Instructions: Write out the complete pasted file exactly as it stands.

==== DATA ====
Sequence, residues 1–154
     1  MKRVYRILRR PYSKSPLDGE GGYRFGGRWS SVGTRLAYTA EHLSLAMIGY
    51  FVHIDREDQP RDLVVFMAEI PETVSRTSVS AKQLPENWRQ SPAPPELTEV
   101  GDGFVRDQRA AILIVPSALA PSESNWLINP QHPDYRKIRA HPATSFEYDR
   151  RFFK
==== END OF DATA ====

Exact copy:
Sequence, residues 1–154
     1  MKRVYRILRR PYSKSPLDGE GGYRFGGRWS SVGTRLAYTA EHLSLAMIGY
    51  FVHIDREDQP RDLVVFMAEI PETVSRTSVS AKQLPENWRQ SPAPPELTEV
   101  GDGFVRDQRA AILIVPSALA PSESNWLINP QHPDYRKIRA HPATSFEYDR
   151  RFFK